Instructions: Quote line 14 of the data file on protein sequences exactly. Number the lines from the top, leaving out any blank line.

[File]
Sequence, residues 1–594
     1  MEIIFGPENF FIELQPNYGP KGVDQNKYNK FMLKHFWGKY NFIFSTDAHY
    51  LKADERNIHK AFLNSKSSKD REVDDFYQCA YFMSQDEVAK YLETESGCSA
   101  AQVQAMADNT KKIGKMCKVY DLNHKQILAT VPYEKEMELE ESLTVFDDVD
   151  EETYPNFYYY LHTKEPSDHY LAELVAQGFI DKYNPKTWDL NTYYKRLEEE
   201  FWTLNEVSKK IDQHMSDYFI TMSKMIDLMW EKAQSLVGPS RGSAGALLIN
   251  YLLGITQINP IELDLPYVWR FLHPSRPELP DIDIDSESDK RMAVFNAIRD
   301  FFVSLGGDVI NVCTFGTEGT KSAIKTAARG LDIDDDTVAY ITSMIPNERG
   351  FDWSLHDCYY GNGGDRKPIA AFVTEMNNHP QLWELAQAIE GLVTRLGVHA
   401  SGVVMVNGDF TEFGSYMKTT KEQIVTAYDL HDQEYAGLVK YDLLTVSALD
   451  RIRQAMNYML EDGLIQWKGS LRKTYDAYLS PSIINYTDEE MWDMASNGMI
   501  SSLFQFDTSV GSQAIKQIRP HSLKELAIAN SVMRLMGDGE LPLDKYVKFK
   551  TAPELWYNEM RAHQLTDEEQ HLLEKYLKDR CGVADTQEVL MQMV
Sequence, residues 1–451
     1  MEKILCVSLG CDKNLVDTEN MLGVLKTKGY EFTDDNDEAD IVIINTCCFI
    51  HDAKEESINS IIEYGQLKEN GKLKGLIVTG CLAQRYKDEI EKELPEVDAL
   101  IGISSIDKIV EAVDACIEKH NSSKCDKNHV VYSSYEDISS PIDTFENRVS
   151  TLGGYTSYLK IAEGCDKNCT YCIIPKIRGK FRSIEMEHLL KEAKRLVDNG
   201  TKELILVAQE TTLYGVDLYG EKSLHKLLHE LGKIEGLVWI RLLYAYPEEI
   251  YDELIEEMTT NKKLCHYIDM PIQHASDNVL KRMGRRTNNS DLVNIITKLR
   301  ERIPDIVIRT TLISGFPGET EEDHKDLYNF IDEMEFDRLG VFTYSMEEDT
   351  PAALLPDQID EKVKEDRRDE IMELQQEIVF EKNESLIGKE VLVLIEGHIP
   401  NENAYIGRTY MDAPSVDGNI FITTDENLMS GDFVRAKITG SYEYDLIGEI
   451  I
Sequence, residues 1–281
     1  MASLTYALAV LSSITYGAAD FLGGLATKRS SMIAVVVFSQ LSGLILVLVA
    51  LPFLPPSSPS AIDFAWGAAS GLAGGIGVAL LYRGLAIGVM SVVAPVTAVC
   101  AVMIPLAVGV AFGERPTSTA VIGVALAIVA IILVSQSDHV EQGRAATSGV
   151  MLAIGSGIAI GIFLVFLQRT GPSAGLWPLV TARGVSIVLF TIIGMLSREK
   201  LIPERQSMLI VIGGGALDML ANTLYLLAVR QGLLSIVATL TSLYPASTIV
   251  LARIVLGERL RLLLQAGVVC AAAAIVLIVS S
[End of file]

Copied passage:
Sequence, residues 1–451